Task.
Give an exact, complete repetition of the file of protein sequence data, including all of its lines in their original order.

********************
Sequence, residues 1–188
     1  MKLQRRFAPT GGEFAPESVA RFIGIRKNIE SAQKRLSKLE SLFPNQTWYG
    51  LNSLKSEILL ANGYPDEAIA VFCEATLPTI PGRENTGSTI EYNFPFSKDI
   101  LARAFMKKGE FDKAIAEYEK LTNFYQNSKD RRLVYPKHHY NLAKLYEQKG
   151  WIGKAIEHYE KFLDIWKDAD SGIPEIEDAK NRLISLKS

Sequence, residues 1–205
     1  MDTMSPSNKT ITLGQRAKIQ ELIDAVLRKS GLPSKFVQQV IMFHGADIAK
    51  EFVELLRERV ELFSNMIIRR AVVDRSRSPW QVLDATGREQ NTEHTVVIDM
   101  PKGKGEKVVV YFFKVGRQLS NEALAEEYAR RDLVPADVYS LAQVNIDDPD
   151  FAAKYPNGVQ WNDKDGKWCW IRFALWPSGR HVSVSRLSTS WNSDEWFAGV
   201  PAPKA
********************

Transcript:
Sequence, residues 1–188
     1  MKLQRRFAPT GGEFAPESVA RFIGIRKNIE SAQKRLSKLE SLFPNQTWYG
    51  LNSLKSEILL ANGYPDEAIA VFCEATLPTI PGRENTGSTI EYNFPFSKDI
   101  LARAFMKKGE FDKAIAEYEK LTNFYQNSKD RRLVYPKHHY NLAKLYEQKG
   151  WIGKAIEHYE KFLDIWKDAD SGIPEIEDAK NRLISLKS

Sequence, residues 1–205
     1  MDTMSPSNKT ITLGQRAKIQ ELIDAVLRKS GLPSKFVQQV IMFHGADIAK
    51  EFVELLRERV ELFSNMIIRR AVVDRSRSPW QVLDATGREQ NTEHTVVIDM
   101  PKGKGEKVVV YFFKVGRQLS NEALAEEYAR RDLVPADVYS LAQVNIDDPD
   151  FAAKYPNGVQ WNDKDGKWCW IRFALWPSGR HVSVSRLSTS WNSDEWFAGV
   201  PAPKA